Monday, May 13, 2019

A question for electrical line-men

Daily Timewaster wrote a post on Pacific Gas and Electric's plan to intentionally black out regions when high winds are predicted.

PG&E was quoted as saying "... a transmission line that snapped in windy weather probably started last year’s Camp Fire..."

I have seen various electrical failure modes in my life. They are usually of short duration as limit switches and fuses kicked in.

The power signature of a snapped transmission line would not be an overload but a sudden under-load.  The thermal profile would be metal arcing high overhead where there is little risk of it igniting a fire, then the hot wire falling to the ground and shorting. The most likely breaking point would be where the wire hangs from the insulator on the pole.

Do power transmission transformers kick-out when there is a sudden loss of current or gross imbalance in current between the two output sides of the transformer?

The other question I have is, do you see more snapped power poles or snapped transmission lines?


4 comments:

  1. Poles. Big windstorm here knocked down a long (half mile, mile?) stretch of poles, snapped them four feet up. (I think I have a picture somewhere if you'd like to see it - hit me up).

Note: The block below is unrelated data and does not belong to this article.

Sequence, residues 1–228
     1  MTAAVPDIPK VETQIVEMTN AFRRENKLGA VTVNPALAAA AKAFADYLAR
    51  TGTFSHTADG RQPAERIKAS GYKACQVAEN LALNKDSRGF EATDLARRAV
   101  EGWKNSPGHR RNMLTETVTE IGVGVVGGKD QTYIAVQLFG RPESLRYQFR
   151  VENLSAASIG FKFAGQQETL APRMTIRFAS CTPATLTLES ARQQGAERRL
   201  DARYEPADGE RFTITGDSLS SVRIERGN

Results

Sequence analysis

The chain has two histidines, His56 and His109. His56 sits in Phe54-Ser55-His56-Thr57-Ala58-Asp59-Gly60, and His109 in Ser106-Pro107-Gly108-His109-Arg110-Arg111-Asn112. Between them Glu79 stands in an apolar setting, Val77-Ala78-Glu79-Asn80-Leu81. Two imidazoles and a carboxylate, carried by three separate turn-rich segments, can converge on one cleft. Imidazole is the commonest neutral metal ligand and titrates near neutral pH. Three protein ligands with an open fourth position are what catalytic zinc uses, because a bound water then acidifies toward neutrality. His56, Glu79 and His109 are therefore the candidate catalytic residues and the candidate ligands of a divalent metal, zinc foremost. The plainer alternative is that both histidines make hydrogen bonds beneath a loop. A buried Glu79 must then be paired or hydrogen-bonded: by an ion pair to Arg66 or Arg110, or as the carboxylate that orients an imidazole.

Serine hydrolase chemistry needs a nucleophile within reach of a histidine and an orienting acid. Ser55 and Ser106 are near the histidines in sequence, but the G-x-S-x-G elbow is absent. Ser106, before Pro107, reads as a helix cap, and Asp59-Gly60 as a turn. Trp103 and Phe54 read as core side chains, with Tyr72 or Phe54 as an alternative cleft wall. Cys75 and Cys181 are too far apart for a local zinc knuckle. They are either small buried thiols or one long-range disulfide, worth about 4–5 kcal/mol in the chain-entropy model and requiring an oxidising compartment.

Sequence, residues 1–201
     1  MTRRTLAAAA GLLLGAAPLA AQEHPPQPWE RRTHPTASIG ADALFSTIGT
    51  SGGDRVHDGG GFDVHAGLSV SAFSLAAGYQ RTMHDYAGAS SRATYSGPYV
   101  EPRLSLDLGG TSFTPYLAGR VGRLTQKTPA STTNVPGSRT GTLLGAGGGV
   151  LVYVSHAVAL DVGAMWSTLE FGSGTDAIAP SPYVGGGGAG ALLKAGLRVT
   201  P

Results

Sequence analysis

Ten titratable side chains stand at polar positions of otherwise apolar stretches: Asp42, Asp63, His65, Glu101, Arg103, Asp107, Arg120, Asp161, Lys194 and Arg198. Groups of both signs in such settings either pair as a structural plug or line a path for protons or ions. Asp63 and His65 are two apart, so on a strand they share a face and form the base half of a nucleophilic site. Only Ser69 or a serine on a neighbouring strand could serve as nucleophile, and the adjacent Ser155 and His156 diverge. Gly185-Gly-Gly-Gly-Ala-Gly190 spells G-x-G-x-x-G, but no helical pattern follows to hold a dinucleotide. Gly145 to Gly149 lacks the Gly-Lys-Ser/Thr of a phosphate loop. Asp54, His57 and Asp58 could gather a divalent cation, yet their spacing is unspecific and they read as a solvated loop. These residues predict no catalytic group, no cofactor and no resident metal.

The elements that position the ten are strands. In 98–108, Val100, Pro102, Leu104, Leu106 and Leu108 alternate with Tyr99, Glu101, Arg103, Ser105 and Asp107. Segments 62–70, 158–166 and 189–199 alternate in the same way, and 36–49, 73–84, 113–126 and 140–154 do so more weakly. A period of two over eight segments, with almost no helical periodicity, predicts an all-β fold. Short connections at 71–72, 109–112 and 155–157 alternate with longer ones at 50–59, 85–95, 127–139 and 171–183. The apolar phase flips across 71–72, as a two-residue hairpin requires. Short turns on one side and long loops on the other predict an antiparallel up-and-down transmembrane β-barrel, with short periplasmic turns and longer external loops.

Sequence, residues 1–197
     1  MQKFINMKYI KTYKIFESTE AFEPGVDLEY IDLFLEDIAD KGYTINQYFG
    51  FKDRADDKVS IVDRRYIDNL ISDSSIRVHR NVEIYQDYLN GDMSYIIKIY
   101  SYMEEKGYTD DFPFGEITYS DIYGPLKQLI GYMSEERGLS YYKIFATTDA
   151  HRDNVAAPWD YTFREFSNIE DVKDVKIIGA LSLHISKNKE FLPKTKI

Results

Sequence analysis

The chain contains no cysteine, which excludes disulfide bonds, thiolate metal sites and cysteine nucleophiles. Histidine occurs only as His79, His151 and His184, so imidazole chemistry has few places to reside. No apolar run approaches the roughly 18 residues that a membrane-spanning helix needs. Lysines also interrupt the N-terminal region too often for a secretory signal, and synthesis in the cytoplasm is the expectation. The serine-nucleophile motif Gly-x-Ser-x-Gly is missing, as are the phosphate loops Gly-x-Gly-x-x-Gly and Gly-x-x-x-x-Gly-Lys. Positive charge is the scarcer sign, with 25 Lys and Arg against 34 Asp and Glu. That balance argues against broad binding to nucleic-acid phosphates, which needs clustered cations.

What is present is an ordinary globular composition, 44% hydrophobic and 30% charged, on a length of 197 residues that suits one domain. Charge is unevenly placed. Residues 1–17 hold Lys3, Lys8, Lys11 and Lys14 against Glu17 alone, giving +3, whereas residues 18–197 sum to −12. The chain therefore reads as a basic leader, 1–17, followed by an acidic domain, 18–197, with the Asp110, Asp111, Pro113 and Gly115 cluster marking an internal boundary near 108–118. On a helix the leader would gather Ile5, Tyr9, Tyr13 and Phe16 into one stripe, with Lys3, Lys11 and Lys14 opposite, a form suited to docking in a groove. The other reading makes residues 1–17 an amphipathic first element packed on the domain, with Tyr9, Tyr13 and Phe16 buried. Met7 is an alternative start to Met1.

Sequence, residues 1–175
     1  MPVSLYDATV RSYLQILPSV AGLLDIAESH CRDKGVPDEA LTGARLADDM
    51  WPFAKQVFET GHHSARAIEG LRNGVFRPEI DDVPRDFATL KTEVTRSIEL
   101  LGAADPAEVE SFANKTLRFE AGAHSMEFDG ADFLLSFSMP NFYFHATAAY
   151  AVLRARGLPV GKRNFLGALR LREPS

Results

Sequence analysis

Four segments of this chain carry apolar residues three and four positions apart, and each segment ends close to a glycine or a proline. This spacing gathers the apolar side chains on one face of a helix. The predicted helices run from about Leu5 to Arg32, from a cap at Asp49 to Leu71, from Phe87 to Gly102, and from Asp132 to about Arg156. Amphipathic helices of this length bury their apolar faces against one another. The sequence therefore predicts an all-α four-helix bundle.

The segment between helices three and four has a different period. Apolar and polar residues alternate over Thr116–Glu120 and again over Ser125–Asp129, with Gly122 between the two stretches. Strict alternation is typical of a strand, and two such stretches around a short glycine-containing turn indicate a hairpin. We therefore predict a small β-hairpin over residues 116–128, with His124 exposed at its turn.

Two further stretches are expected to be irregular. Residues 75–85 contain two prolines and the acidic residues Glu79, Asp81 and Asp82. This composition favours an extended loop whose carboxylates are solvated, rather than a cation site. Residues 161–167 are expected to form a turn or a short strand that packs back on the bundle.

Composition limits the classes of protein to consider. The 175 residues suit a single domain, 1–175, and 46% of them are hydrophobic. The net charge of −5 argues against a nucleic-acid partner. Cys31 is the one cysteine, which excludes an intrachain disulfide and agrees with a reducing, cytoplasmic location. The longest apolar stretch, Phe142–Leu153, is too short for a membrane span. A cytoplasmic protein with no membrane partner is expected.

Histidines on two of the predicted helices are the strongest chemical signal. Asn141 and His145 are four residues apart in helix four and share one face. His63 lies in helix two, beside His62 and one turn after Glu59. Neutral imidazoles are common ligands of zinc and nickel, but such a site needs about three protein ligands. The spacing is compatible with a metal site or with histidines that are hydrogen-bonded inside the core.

Lines were fine (more or less).

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  2. (not a lineman, just a driver)

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  3. When the line hits the ground, (I'm talking middle voltage here, like local lines, not cross country) there is a fair bit of heating at the point where the line touches the ground.

    Generally, the system tries 3 times to clear the fault (short) over about a one second period. .


    And California is dry in a way that you, living in Michigan, cannot fathom....those few seconds of heat are enough to start a brush fire.
    Lots of sparks and such in that one second.

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  4. When I worked in Kazakhstan, we learned to watch out for the highlines - the poles were never a problem. The Russians had designed the oilfield there such that highline power was everywhere to supply the drilling rigs (instead of using diesel generators). They were charged at about 700 volts and made from aluminum, and would snap from time to time. Usually a brush fire would start when one would hit the ground, if it was still live. We never knew which lines were still live. One day on my travels I noticed a dead cow, with all four legs sticking straight up in the air. Rather than get out an check myself, I sent the electrical crew and sure enough, a live, downed highline was right there in the weeds, but not visible. Just the fact of a breakage would not necessarily be enough to trip a safety feature or blow a transformer. I would imagine it's the same here, maybe depending upon how the local grids are laid out.

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